Furthermore, there is correlation between the laminar position of cortical neurons and their connection patterns (Douglas and Martin, 2004). Commissural neurons, for example, are mostly found in layers II, III and V, whereas corticothalamic neurons tend to be located in layer VI and subcerebral neurons in layer V. Differences in the projection patterns of subtypes of cortical neurons have been ingeniously exploited by the Mackli’s laboratory to identify specific molecular features of neurons settled in different cortical layers of the mouse brain (Arlotta et al., 2005). Using microinjection of fluorescent microspheres into distinct axonal tracts, the authors retrogradely labeled three neuronal populations: corticospinal motoneurons (CSMN), callosal neurons (CN) and CPN. These cell populations were then isolated at four different developmental time points (E17, P3, P6 and P14) by fluorescent-activated cell sorting (FACS) and their gene expression profile was studied by gene-chip analysis. This approach led to the identification of genes involved in the specification, morphologic maturation and connectivity of layer V CSMN, such as Fezl (Fezf2) and Ctip2 (Arlotta et al., 2005; Chen et al., 2005, 2008; Molyneaux et al., 2005). Other studies have described genes involved in the specification of callosal projection neurons (Alcamo et al., 2008; Britanova et al., 2008) and corticothalamic neurons (McKenna et al., 2011).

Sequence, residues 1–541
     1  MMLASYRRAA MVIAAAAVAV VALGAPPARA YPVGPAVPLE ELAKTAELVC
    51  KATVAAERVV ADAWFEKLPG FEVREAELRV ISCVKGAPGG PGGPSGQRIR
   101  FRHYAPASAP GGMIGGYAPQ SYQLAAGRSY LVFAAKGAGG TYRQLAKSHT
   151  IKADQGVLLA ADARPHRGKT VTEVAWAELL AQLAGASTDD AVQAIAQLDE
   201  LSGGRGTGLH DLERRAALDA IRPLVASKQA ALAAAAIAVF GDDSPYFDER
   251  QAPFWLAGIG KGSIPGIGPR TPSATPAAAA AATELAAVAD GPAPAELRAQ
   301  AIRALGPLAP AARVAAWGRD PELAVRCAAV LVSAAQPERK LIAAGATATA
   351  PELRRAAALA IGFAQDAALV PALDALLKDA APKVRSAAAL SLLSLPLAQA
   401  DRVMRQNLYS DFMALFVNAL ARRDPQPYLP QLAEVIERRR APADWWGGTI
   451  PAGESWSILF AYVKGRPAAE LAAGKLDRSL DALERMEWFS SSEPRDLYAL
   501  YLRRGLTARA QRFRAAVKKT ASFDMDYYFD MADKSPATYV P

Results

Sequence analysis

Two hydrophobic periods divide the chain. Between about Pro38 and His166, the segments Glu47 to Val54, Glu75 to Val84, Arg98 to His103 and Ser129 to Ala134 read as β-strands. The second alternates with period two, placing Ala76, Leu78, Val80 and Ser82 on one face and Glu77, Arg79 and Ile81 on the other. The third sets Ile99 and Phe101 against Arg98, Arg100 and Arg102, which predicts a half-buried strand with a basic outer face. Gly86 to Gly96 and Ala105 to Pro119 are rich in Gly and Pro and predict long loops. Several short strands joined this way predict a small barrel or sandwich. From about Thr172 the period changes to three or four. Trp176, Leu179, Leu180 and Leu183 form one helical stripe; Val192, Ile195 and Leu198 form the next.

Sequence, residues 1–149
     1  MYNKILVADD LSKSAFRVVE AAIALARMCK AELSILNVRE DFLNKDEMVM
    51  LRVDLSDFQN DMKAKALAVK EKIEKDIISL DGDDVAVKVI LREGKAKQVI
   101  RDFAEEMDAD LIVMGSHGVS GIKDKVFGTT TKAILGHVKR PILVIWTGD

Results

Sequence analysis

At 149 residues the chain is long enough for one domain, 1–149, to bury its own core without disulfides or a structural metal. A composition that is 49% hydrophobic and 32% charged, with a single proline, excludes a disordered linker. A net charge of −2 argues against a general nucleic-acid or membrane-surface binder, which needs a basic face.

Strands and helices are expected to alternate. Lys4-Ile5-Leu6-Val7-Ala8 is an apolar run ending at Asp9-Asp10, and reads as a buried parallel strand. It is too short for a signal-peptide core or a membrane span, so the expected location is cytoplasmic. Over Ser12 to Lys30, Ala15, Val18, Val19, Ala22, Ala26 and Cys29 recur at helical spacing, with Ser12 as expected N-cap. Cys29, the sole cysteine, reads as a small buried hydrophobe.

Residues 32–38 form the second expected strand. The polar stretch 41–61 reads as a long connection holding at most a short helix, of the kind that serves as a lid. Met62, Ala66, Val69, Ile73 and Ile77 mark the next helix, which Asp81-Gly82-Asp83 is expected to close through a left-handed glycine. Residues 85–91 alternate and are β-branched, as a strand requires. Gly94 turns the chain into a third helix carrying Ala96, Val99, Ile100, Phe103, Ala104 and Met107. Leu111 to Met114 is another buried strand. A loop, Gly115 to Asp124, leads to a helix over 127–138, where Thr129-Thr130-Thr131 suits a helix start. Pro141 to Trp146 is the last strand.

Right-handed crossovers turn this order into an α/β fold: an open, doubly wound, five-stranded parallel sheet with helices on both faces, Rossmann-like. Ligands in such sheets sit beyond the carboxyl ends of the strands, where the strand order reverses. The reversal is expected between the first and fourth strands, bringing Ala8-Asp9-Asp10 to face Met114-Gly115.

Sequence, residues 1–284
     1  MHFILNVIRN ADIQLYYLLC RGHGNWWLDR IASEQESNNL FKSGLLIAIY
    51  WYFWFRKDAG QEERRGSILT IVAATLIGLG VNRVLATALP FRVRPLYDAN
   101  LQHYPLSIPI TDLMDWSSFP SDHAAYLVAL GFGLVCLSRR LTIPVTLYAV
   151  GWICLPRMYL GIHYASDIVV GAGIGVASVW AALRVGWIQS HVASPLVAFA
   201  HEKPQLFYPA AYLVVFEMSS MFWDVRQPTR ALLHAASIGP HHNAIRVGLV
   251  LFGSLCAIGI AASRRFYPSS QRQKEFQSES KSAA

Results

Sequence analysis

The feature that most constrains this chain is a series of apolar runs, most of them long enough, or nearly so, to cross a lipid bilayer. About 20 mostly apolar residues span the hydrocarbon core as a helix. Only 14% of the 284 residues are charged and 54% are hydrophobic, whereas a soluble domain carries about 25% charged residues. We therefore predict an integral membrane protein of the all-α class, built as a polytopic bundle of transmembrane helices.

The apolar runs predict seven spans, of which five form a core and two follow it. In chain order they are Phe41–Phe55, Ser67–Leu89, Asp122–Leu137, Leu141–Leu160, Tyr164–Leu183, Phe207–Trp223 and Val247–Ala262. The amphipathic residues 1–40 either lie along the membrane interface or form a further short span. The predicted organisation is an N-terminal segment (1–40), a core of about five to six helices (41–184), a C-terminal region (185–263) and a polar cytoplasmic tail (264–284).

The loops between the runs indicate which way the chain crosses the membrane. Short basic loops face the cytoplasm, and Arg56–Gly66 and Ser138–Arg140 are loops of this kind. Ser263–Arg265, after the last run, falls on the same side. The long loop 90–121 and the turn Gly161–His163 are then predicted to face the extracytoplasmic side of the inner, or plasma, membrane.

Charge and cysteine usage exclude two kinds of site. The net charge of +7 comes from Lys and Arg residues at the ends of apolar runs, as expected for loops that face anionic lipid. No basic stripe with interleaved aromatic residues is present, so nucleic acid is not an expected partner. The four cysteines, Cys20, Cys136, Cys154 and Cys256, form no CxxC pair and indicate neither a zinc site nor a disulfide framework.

Many other molecules are expressed in a layer-specific pattern in cortical neurons (Molyneaux et al., 2007) but their expression may not correlate with specific subtypes of excitatory neurons. Table 1 summarizes some of these neuronal molecules, which will be of interest for our following discussion. Importantly, however, expression of these molecules is frequently variable across different cortical areas, leading to three important caveats: (i) neurons from the same cortical layer not necessarily express the same molecular marker; (ii) lack of expression of a given layer-marker not necessarily means that neurons do not belong to that layer; and (iii) molecules expressed in a layer-specific manner into a particular cortical area can be expressed in a different fashion into another areas. These limitations are particularly important for the interpretation of experimental data, as we shall discuss in the next chapters.
Generation of Excitatory Cortical Neurons